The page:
Life Wellbeing Wash your hands: Great for battling COVID, bad for the bacterial health of our plumbing
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Wash your hands: Great for battling COVID, bad for the bacterial health of our plumbing

Well done, boys! Your diligence could be helping to build a super germ colony in the plumbing beneath the sink. Photo: Getty
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Diligent hand washing has helped keep COVID-19 from overrunning Australia, but new research shows it is “clogging up sinks” with colonies of disease-causing bacteria.

In the largest study of sink bacteria conducted outside of hospitals, researchers from the University of Reading concluded the plumbing under bathroom and kitchen sinks may have to be redesigned – and subject to more rigorous cleaning – to prevent these colonies from forming and infecting humans.

While the field work for the study was carried out in 2019, the pandemic has undoubtedly aggravated the situation because literally billions of people have been washing their hands more often, every day.

So the colonies are only getting bigger and could spread beyond our sinks.

Skin cells probably acting as a kind of glue

Samples were taken from 123 sinks in non-clinical settings at the University of Reading, such as toilets and bathrooms in teaching, research and social spaces.

The samples returned distinct microbiome, dominated by certain bacteria.

Some of the results were surprising.

Human skin was identified as a primary contributor to the below‐strainer sink bacterial community.

Every minute, we lose between 30,000 and 40,000 dead skin cells, and washing our hands vigorously dislodges plenty of these cells.

We’re effectively washing off “dirty” skin.

The researchers expected that bacteria from the gut – and expelled in faeces – would dominate these colonies, but “it seems that by and large the bacteria living on the skin of our hands are feeding the community in the drains beneath sinks”.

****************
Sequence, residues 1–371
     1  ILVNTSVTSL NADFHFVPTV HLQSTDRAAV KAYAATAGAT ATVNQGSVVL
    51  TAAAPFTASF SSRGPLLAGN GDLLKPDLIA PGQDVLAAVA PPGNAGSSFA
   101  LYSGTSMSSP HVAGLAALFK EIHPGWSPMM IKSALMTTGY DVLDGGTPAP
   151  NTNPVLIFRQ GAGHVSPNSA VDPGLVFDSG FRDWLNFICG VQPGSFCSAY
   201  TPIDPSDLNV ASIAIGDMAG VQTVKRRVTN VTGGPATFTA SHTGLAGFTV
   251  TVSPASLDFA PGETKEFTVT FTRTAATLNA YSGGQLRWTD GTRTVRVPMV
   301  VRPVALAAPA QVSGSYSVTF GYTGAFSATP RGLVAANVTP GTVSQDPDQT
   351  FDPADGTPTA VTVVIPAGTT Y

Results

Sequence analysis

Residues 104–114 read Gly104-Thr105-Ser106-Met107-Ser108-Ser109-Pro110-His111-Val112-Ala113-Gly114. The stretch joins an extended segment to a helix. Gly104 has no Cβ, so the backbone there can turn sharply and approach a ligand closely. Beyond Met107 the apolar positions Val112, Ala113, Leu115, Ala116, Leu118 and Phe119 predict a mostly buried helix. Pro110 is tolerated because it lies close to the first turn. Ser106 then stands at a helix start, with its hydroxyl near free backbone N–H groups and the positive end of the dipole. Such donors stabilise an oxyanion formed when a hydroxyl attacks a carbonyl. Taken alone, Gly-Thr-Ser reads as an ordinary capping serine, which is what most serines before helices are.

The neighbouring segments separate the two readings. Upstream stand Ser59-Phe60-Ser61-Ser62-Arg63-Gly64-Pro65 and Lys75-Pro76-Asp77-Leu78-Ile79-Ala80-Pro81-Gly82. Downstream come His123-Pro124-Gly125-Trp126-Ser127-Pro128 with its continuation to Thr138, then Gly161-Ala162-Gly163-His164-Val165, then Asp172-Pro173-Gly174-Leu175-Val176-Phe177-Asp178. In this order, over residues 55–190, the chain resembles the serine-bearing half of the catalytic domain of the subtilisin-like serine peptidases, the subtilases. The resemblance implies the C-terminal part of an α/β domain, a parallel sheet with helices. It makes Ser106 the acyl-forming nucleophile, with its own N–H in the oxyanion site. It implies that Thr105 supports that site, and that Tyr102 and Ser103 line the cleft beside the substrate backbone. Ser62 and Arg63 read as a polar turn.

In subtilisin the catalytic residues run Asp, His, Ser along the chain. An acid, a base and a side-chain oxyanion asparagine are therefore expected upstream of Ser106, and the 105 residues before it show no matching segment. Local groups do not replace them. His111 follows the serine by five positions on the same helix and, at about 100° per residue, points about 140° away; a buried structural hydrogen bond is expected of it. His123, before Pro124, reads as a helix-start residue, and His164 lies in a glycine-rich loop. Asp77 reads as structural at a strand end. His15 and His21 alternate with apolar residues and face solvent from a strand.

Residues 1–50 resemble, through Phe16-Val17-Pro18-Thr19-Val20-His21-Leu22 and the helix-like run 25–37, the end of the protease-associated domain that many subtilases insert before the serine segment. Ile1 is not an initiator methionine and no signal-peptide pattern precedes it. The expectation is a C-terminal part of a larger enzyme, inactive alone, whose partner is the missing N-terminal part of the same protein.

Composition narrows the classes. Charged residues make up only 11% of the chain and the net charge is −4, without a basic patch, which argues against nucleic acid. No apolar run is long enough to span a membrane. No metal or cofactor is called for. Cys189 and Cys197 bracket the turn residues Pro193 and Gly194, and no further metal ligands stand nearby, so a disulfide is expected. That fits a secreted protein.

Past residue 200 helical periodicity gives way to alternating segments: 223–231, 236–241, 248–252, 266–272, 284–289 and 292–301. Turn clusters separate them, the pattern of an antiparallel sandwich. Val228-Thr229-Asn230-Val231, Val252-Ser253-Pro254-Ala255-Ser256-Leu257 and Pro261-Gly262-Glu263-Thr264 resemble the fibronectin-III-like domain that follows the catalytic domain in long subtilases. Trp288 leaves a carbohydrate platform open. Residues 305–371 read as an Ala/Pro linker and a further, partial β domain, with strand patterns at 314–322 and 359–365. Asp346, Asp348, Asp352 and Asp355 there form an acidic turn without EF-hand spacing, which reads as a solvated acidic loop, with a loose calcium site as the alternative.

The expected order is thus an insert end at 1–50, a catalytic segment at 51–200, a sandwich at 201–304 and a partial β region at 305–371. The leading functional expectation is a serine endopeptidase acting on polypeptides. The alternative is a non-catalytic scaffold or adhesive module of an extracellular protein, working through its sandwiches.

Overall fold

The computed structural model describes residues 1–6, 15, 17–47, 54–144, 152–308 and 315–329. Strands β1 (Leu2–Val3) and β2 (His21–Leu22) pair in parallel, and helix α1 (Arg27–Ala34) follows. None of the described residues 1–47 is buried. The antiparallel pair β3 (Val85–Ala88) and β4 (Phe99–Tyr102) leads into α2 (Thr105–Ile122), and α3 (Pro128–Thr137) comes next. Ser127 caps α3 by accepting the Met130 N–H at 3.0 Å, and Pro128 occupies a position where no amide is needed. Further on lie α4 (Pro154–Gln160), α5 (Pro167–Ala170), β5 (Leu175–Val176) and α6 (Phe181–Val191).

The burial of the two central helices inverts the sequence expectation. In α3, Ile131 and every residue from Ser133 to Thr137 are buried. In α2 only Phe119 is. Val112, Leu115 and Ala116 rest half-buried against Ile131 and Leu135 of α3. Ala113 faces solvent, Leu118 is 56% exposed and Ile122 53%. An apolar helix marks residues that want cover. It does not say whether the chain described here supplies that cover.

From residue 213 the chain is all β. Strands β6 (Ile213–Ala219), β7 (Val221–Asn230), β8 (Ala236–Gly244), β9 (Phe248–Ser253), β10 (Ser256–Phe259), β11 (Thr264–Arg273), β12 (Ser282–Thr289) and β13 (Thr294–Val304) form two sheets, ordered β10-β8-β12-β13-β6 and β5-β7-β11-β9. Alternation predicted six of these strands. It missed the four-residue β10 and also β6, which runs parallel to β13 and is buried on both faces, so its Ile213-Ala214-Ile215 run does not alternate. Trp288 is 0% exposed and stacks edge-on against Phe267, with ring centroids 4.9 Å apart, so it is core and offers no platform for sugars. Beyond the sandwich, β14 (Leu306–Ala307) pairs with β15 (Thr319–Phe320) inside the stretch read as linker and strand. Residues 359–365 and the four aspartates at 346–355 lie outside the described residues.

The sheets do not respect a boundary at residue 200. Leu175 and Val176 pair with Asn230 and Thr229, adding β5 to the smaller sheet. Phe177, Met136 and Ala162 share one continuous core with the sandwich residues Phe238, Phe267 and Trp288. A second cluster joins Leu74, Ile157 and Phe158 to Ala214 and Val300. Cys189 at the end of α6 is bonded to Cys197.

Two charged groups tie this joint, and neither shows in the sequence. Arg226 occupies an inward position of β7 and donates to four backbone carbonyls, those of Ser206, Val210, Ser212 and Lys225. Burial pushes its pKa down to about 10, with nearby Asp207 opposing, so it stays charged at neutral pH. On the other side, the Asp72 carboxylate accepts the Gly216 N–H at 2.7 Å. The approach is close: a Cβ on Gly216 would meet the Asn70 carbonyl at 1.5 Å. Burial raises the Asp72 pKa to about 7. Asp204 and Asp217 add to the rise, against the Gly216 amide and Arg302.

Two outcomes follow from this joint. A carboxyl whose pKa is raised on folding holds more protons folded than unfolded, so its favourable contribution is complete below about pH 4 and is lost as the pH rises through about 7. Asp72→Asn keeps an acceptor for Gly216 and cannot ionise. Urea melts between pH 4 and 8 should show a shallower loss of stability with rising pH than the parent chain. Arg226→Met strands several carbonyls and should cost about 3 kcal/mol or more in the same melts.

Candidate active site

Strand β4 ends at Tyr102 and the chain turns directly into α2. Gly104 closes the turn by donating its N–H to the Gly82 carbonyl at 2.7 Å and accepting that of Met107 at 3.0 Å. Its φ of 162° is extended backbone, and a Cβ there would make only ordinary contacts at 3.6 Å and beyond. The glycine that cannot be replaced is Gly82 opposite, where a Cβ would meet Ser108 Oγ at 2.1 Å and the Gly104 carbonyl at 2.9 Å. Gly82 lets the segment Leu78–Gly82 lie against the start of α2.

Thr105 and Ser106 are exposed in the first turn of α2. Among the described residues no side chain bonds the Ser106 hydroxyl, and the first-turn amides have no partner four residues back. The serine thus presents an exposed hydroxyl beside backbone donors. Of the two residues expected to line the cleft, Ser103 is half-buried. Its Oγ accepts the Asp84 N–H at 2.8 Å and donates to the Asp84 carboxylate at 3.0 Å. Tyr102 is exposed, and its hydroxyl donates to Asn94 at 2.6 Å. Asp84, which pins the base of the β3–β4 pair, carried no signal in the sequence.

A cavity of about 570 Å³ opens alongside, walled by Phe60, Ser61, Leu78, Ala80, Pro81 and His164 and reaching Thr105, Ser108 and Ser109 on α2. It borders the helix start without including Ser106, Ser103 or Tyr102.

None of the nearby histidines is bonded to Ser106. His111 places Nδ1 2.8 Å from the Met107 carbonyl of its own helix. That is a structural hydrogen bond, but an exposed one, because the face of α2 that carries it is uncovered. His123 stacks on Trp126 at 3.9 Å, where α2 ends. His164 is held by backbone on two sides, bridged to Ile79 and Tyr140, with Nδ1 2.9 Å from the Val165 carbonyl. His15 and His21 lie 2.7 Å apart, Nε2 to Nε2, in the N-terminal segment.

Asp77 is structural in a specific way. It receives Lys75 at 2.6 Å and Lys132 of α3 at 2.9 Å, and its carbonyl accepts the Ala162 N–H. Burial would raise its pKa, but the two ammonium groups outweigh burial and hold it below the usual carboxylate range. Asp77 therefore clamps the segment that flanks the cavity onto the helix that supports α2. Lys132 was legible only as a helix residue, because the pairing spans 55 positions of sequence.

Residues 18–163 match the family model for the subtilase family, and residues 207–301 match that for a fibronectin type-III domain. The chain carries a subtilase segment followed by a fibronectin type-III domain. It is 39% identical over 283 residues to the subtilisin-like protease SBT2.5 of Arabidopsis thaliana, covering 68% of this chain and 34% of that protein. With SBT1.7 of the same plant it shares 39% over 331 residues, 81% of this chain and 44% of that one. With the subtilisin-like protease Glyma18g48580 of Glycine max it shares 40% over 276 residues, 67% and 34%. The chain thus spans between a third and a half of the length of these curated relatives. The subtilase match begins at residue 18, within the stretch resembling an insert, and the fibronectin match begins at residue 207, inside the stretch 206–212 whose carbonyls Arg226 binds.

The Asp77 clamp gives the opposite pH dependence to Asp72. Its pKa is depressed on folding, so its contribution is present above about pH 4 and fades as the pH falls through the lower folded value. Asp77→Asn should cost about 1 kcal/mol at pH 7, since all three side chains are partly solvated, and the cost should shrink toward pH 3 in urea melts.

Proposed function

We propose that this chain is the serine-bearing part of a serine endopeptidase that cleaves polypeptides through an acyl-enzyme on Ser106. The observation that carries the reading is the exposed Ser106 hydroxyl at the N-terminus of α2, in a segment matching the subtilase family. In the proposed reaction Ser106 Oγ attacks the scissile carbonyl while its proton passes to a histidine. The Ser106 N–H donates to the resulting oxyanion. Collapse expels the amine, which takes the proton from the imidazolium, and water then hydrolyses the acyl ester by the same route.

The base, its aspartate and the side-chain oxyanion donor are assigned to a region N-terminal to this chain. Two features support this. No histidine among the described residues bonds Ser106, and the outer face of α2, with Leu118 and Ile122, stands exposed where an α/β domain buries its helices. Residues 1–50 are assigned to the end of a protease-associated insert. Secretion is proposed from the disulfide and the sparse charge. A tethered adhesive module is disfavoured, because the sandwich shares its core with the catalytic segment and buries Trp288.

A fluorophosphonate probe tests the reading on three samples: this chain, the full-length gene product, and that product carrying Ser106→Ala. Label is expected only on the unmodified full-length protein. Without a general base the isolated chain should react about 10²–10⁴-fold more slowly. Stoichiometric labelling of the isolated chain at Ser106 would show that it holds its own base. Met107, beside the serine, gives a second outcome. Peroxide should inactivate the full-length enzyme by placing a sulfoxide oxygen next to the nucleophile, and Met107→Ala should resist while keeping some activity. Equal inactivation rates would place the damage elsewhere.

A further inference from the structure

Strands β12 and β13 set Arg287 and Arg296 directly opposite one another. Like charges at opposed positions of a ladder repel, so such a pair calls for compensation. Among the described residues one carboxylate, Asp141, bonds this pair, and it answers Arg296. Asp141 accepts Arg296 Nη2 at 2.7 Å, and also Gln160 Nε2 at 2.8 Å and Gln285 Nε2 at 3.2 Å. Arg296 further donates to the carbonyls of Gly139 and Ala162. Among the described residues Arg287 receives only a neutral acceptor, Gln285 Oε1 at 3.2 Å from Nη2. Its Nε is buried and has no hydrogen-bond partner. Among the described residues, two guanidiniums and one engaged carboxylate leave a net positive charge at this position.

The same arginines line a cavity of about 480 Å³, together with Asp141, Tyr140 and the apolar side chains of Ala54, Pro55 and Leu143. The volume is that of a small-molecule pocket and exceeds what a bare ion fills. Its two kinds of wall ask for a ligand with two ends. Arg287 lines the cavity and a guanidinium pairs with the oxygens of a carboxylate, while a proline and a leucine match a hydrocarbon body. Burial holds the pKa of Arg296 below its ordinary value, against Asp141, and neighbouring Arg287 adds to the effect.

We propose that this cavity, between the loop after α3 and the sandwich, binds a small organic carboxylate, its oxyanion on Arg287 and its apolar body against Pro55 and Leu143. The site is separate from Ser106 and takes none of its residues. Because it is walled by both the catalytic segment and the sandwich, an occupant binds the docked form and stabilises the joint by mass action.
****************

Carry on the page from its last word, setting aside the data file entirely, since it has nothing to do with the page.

The plumbing area found beneath sinks revealed microbial communities dominated by a group of bacteria called Proteobacteria.

This group includes pathogens such as salmonella and e. coli, which can cause serious disease, “although the proportion of bacteria from that family was low”.

Higher concentrations were found of the common Moraxellaceae and Burkholderiaceae bacteria, which can cause infections but are mostly harmless to humans.

Plumbing determines the make-up of the colony

The type of plumbing system had a significant effect on which family was more abundant.

Below-sink strainers were found to have Moraxellaceae bacteria, while P-trap sinks had higher amounts of Burkholderiaceae.

Dr Hyun Soon Gweon, a lecturer in Bioinformatics for Genomics at the University of Reading and a corresponding author of the study, said: “The mantra to ‘wash your hands’ to fight coronavirus transmission has highlighted the importance of not only good hand hygiene, but also the need for well-designed and regularly cleaned sinks.

“It is possible to spread bacteria to the surrounding areas of your sink, where they can grow and persist.”

Lead author of the study Zoe Withey, a PhD researcher at the University of Reading, said: “This means that we need to be very aware that what we are putting down our sinks is affecting the bacterial community underneath.

“These areas may not be reached during routine cleaning, and this could lead to communities containing hardier, resistant microbes.”

The scientists point out that all the sinks where samples were taken were regularly cleaned.

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